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Latin America's year of political struggle and unexpected displays of solidarity

Categories: Latin America, Citizen Media, Digital Activism, Elections, Ethnicity & Race, Human Rights, Migration & Immigration, Politics, Protest, Women & Gender
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Quechua people in Bolivia. Picture released free of copyrights under Creative Commons CC0.

With large exoduses, deadly protests and changes of government, 2018 was anything but ordinary for Latin America and Spanish-speaking communities worldwide.

As witnesses and interpreters of such events, Global Voices’ contributors have helped us sift through the noise and untangle their complexity. From the protests in Nicaragua to the Venezuelan crisis, we have told stories of resilience, of unexpected solidarity, and unusual forms of resistance.

Crisis and exodus

By now, millions of Venezuelans have fled their country and many are using online platforms to help others who want to do the same.

Online stories of the Venezuelan exodus [2]

Once in their destination, the growing diaspora faces discrimination by the local population — as well as other limitations that aren't limited to language or culture.

I, Xenophobe: Chronicle of a migratory displacement [3]

Sorry, I don't speak English. I speak Photography. [4]

Meanwhile, the crisis inside Venezuela worsens. The food shortage, along with soaring levels of urban violence, disproportionally affect women. Expanding forms of state control increasingly resembles George Orwell's Big Brother — and government links to China's big tech suggests surveillance will keep on growing.

It is women who bear the brunt of the Venezuelan crisis [5]

Why do Venezuelans see their country reflected in George Orwell's “1984”? [6]

Venezuelans shudder at news of biometric ID deal with Chinese tech giant [7]

Up north, a “migrant caravan” fleeing the violence in Central America makes it to Mexico and awakens anti-immigrant sentiments. The media follows closely what goes on by the border with the United States, but doesn't always take the time to explain  [8]what it is [9]that Central Americans are running away [10] from.

Arrival of the ‘migrant caravan’ lays bare Mexico's own anti-immigration side [11]

Changes of power and citizen-led counter-power

Guatemala's democracy was shaken by President Jimmy Morales’ refusal to renew the mandate of the United Nations-backed International Commission against Impunity. The country's top court ruled in favor of the commissioner's return, giving hope to those who support legal institutions in the struggle against impunity. The Commissioner Iván Velázquez hasn't been back to Guatemala, however, and in recent interviews he has denounced further efforts from the government to shut down the commission. Among them, the recent withdrawal  [12]of diplomatic immunity from 11 workers of the Commission.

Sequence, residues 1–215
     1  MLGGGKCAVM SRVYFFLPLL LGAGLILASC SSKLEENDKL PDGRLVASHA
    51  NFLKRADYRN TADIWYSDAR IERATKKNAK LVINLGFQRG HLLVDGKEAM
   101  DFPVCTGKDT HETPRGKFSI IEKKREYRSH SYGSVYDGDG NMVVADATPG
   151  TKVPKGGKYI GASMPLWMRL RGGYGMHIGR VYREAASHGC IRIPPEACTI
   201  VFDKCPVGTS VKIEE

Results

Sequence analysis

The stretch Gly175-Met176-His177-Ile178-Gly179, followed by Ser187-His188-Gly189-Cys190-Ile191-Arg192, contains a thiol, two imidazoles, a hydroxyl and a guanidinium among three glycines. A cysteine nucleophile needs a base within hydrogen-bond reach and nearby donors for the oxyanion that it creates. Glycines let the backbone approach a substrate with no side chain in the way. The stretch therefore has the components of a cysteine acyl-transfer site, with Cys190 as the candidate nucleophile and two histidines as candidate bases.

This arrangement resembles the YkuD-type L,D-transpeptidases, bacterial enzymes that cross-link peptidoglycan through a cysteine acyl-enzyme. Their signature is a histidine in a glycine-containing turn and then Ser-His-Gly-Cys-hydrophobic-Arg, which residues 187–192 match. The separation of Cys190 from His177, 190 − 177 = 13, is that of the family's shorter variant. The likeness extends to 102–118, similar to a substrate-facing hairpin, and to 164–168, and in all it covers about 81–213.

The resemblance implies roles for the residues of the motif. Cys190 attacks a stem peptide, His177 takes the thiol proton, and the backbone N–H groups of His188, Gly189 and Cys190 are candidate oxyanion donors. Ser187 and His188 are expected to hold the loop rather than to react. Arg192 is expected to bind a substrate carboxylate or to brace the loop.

In a blow against impunity, Guatemala's top court rules in favor of the return of UN anti-corruption commissioner [13]

In Nicaragua, demonstrations against social security reforms have transformed into a national outcry against corruption and censorship. The crackdown was swift and brutal [14]. More than 300 people have been killed since the beginning of the protests in April. Journalists have also suffered violent attacks. Human rights organizations point to Daniel Ortega's government as the main perpetrator [15].

Amid continuing crackdown on anti-government protests, Nicaraguans pay homage to those killed [16]

Nicaraguan protesters and journalists face violent attacks on the streets and online [17]

Cuban citizens debated the Constitutional changes that will regulate internet use in the island.

Cubans can now join public debates on new Constitution through digital platforms [18]

Another Constitutional amendment opened the possibility of legalizing gay marriage, leading to heated debates in Cuban society.

Michel Gonzalez Nuñez: “I imagine it is shocking to approve a ‘homosexual’ law in a ‘revolution’ so pumped with testosterone.” [19]

Mexico commemorated the 50-year anniversary [20] of the Mexican Movement of 1968. Months later, it elected a leftist president after decades of right-wing government. Still, people did not keep quiet when the pacifist AMLO [21] announced the creation of a militarised police [22] force that will fight urban crime. Many difficulties lie ahead for the new president, but hopefully citizen-led initiatives [23] will provide a helping hand.

Interactive maps become a tool to fight crime in Mexico [23]

Mexico’s was not the only election that shook the region. Costa Rica’s presidential hopeful Fabricio Alvarado, a Christian conservative, alarmed many human rights organizations [24], especially those devoted to LGBTQ rights. However, the winner was progressive Carlos Alvarado and with him, Costa Rica's first black female vice-president, Epsy Campbell Barr.

The importance of having an Afro-feminist activist in Costa Rica's government [25]

Local and global solidarity

Colombians have spoken up [26] against the scores of murdered social activists. In a period of only the first half of the year, over a hundred activists [27] were killed. With the peace deals [28] and the subsequent developments of the country’s internal conflict [29], a battle for land control has ensued.

As Colombia's peace process falters, scores of social activists are being killed [30]

Finally, Argentina was the closest it's ever been [31] of legalizing abortion. The Senate ended up voting against it, but the movement in the streets and online was massive and evoked memorable displays of solidarity in Latin America and beyond [32].

The abortion legalization movement in Argentina gets a boost of global solidarity [32]